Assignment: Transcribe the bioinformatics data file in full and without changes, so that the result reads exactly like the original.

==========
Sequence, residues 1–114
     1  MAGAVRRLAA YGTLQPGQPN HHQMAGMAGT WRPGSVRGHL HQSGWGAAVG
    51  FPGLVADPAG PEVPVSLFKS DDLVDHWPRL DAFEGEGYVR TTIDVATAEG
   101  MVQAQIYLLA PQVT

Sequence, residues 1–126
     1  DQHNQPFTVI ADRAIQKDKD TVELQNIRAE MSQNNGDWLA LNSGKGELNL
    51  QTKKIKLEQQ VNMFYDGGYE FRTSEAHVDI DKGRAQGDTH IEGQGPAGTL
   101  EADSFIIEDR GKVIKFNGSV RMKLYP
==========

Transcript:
Sequence, residues 1–114
     1  MAGAVRRLAA YGTLQPGQPN HHQMAGMAGT WRPGSVRGHL HQSGWGAAVG
    51  FPGLVADPAG PEVPVSLFKS DDLVDHWPRL DAFEGEGYVR TTIDVATAEG
   101  MVQAQIYLLA PQVT

Sequence, residues 1–126
     1  DQHNQPFTVI ADRAIQKDKD TVELQNIRAE MSQNNGDWLA LNSGKGELNL
    51  QTKKIKLEQQ VNMFYDGGYE FRTSEAHVDI DKGRAQGDTH IEGQGPAGTL
   101  EADSFIIEDR GKVIKFNGSV RMKLYP